I also like that Samuel Mockabee and these educational programs for students are focusing on the philosophy of architecture bettering lives of the people using these spaces. I think many different architectural designs focus on the look of a space rather than the function. As much as everyone likes a pretty home, I would like a home that is functional for daily living and makes the most of the space available. I imagine this is the same for all of these community spaces these programs work for such as churches, and this play ground. Making the most of your resources and the space you have available to you is important, especially in today’s growing society. I think this educational program is a wonderful win/win for the community and the students and I hope more communities adopt this great program idea.

  16. Melanie McAboy

    I have recently been doing some research myself on Samuel Mockbee for a project I am working on and am excited to see you mention him in this space. I love the idea as you mention of architecture having a moral component. It’s so important that we preserve our resources for future generations. Sustainable architecture is a great step towards achieving the goals Brundtland and Mockbee spoke of. It’s exciting that students from our own county are involved in Habitat for Humanity, and are learning about Samuel Mockbee’s principles. I was recently reading about a school teacher who was working with her young students and first had them think of their ideal school, and then build a model of it. These students utilized many sustainable principles. It’s so important for our future generations that will be the decision makers of our earth someday to have these opportunities and learn how important the environment is. Hopefully one day these students will look back on the experiences they had in their classroom and make more sustainable choices throughout their lives. Mockbee’s principles are great too in that not only do they promote sustainable architecture but they do so in a way in which you end up with this high end, beautiful spaces to live in or to visit. The image of the drums used to make “an interactive play maze” is fascinating. People can create sustainable and innovative ideas when we really put our minds to it. Thanks for sharing this interesting article!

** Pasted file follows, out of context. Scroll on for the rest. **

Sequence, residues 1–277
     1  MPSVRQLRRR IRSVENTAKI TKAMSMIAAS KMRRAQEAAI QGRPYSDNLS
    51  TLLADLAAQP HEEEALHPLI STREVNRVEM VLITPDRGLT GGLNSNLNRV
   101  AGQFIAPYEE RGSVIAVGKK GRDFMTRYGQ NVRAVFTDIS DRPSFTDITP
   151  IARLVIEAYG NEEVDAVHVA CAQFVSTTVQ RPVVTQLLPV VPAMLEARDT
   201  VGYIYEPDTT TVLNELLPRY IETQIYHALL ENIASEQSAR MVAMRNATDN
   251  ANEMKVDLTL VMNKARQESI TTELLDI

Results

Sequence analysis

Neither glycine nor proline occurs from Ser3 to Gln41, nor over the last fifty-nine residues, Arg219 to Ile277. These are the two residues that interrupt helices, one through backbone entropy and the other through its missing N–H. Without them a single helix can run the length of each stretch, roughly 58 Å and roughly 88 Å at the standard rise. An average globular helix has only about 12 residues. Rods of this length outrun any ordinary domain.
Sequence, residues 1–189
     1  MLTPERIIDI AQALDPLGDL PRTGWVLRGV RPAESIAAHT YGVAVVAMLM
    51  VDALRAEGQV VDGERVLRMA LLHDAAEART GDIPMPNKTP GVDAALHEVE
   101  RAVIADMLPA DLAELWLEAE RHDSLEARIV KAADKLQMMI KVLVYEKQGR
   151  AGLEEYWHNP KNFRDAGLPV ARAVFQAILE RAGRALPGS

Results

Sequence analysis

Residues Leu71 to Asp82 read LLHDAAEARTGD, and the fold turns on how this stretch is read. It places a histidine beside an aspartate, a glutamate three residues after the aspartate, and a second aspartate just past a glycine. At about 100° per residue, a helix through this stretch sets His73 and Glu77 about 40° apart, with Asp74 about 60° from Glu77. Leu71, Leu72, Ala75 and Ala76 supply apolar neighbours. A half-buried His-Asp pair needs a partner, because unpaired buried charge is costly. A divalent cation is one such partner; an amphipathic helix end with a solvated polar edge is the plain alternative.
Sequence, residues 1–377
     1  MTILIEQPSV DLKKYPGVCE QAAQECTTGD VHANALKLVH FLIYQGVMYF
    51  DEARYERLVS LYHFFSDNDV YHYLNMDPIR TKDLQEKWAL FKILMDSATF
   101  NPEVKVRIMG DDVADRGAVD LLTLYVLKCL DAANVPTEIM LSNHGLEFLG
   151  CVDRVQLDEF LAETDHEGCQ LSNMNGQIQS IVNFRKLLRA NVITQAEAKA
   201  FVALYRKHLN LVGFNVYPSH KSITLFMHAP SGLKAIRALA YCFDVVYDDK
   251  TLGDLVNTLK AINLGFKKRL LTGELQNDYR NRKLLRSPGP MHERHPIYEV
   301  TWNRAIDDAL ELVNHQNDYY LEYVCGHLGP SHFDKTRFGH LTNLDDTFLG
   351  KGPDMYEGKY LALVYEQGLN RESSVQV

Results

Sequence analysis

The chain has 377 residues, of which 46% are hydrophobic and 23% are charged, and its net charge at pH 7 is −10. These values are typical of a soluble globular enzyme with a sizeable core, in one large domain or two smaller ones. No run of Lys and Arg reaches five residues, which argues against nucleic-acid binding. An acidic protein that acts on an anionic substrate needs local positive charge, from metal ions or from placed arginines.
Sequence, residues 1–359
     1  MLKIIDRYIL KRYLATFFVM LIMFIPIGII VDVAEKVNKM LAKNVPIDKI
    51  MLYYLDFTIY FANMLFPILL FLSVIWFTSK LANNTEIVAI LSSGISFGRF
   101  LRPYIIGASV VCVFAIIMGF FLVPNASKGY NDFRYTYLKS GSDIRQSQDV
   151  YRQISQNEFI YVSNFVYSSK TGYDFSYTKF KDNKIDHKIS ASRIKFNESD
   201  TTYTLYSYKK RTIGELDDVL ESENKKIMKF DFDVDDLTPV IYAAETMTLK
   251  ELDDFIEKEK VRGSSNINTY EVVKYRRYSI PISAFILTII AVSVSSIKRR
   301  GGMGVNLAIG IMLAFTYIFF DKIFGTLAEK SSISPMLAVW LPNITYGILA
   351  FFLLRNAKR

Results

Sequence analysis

17. Michelle Musick

    I love the concept of restoring old buildings and locations. Restoring old buildings and locations that have a historic significance to them is amazing. The fact the places that our grandparents, our parents, or even our generation grew up with can be restore for many more generations to enjoy for years to come is unbelievable.
    I love the “getting away paper architecture” and getting out there concept, and experiencing it firsthand. It’s more enjoyable to learn firsthand how to restore old buildings and places, then just to read about it in a textbook. Well at least that’s what I think, also some people learn better by doing that just reading and having a lecture on it.
    What Rural Studio’s has done with the Lion’s Park Playscape in the 40-acre, Greensboro Park is fantastic. It reminds me of the phrase, “Let’s your imagination run wild”. I’m sure there was a design concept when this playscape was built, but that’s the impression it gives me. I think it’s a wonderful expression for the public to think. It gets them thinking about preservation, and even the historical aspect about it. If they don’t know what the historical aspect of the location is then their curiosity will lead them to find out what it is. Even if they do know what historical aspect is, they will go and do research to see everything for themselves.